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More Mr. Nice Guy

By Richard Reeves

SAG HARBOR, N.Y. -- I began last Tuesday at the local 7-Eleven store, picking up the morning papers. Two guys came up behind me, looking at front-page photos of our governor, Eliot Spitzer. One said: "That S.O.B. is finally getting a taste of his own medicine!"

The story so far: New York's self-righteous, micro-managing, golden boy governor, a Democrat, is in big trouble because his two top assistants got caught using the state police to secretly investigate the use of state planes by the Republican speaker of the assembly, a likable standard-issue hack named Joseph Bruno. Then the information and a good deal of innuendo about federal investigations of the speaker was leaked to the Albany Times-Union.

Spitzer, famed for knowing everything, denies he knew anything about what his chief of staff and communications director were doing. Few New Yorkers seem to believe that.

I was on my way into "the city," New York, that is, for an invitation-only "Conversation With Sen. Barack Obama" sponsored by Time-Warner. The audience of a hundred or so people -- "movers and shakers," according to the New York Post -- was immediately informed that the session was off-the-record. The buffet afterward, however, was not, and we all began asking each other, "What do you think?"

"I'm not sure he's mean enough to be president," said James Greenfield, a former assistant managing editor of The New York Times who served as a young assistant secretary of state under President Kennedy. "Now Jack Kennedy, there was a mean guy."

True. Kennedy was ruthless when he had to be or wanted to be. Maybe Barack is, maybe not. I don't know. Hillary Clinton, I know, can be a mean one, and so can Rudy Giuliani. But many New Yorkers think Spitzer, who has certainly thought about being president himself someday, is meaner than either of those two.

There is, however, this about mean guys: It's fine when they're on top, but there are a lot of people waiting to be the second to kick them on the way down. Nice guys may finish last, as baseball manager Leo Durocher once said, but folks give them more room, the benefit of doubt, if they run into trouble.

No one is likely to give Spitzer a break. Ken Auletta of The New Yorker, who used to dabble in New York politics as a campaign manager, put it this way: "It's tough for Spitzer; he's never been lucky enough to learn by losing."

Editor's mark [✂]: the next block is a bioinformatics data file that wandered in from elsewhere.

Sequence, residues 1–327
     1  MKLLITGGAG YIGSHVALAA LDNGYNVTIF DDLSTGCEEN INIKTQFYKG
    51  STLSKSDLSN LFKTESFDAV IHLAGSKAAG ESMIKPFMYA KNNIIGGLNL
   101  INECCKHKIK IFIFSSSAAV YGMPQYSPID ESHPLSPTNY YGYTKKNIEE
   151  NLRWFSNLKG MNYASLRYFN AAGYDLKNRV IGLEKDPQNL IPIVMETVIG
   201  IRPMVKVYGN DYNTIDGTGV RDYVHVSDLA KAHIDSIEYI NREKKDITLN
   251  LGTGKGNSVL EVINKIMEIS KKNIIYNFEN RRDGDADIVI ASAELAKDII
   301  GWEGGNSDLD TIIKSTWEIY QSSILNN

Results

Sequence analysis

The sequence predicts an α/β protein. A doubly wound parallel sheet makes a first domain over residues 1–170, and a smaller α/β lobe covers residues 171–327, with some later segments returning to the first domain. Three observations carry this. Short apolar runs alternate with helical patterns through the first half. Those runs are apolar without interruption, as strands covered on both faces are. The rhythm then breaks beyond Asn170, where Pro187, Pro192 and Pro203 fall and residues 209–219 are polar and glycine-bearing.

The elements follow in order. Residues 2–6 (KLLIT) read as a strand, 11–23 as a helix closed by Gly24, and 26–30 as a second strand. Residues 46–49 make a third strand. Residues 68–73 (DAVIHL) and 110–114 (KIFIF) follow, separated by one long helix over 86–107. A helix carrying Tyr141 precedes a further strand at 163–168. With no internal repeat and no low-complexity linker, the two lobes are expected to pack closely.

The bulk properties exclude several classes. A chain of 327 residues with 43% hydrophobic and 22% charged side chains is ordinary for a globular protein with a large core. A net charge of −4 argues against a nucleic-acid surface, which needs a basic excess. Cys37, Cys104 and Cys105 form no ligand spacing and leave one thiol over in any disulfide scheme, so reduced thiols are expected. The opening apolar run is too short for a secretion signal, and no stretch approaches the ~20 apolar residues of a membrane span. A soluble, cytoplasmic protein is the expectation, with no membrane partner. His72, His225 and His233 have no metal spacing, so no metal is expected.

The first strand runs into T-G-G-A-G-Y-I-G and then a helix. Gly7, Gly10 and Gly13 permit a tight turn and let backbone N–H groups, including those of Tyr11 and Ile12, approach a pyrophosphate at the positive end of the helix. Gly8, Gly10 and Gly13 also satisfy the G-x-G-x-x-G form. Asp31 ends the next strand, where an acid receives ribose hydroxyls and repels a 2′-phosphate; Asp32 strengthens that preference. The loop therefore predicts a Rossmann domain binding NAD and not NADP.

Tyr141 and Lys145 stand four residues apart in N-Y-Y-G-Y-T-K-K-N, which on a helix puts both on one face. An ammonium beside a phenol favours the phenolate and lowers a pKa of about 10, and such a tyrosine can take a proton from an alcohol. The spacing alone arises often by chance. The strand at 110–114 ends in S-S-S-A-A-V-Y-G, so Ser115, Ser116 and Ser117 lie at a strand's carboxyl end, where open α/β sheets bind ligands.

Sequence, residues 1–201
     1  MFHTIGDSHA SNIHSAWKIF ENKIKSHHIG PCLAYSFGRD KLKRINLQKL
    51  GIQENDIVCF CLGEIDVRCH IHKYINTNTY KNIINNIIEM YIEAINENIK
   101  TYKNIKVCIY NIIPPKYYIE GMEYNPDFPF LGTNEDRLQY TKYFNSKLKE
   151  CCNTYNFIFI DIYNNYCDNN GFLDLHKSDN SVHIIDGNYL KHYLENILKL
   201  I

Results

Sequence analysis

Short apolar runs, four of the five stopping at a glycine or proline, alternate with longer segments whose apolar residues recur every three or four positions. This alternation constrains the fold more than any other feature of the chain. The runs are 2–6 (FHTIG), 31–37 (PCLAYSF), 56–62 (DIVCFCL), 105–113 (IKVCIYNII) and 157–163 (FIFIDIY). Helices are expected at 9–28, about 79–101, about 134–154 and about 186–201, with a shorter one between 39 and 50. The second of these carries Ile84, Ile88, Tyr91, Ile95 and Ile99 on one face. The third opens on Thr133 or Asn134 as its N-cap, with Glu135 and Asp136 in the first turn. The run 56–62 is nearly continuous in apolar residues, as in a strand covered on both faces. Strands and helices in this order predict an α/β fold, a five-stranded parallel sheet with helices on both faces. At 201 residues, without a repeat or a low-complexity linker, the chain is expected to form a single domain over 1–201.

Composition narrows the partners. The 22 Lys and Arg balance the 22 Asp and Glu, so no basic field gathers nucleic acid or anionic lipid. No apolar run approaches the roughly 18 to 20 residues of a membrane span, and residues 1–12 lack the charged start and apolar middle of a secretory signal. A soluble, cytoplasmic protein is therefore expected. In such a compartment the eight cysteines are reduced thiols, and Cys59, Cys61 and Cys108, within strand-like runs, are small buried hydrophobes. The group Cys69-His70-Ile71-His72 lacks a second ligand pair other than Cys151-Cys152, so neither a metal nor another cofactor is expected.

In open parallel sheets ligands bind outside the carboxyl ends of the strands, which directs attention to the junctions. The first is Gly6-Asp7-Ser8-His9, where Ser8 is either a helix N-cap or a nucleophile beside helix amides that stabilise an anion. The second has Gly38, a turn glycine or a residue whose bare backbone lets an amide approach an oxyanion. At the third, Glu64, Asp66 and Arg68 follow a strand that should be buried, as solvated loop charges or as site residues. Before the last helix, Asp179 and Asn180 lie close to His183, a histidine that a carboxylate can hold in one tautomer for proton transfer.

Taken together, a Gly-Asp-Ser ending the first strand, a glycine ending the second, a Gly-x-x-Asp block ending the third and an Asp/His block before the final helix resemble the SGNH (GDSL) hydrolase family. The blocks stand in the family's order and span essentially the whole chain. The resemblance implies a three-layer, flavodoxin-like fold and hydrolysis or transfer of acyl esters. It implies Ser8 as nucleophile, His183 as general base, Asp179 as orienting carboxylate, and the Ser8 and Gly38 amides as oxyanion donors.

In fact, he did lose in his first run for state attorney general in 1994 at the age of 35. What he seemed to learn then was that he would have to spend even more of his father's (real estate) millions. He did just that and won by 25,000 votes in 1998. He then settled back into a life of big numbers, which had begun with a 1590 SAT score, getting him into Princeton, and a perfect LSAT score, which got him into Harvard Law School.

As attorney general, he moved on to collect billions in settlements for the state, mostly from aggressive civil prosecution of Wall Street firms. He also took criminal action against executives of those firms, earning him some powerful enemies, most notably John Whitehead, former chairman of Goldman, Sachs and deputy secretary of state under President Reagan, who criticized Spitzer over some of those prosecutions in an opinion article published by The Wall Street Journal in 2005.

Then, according to Whitehead, Spitzer called him and said: "Mr. Whitehead, it's now a war between us and you've fired the first shot. I will be coming after you. You will pay the price. This is only the beginning, and you will pay dearly for what you have done. You will wish you had never written that letter."

Spitzer has denied he said all that, but it was consistent with the style he perfected in Albany. He calls it "constructive tension." Others call it bullying. He was, however, on balance spectacularly successful, winning re-election as attorney general with more than 66 percent of the vote in 2002 and winning the governorship with 69 percent of the vote last year.

And now? He may have given away more than he knew a couple of years ago on Comedy Central's "The Colbert Report," when he joked that he was always "the enforcer" when he played soccer as a kid: "You play hard, you play rough, and hopefully you don't get caught."

He may have gotten caught this time.

Copyright 2007 Universal Press Syndicate

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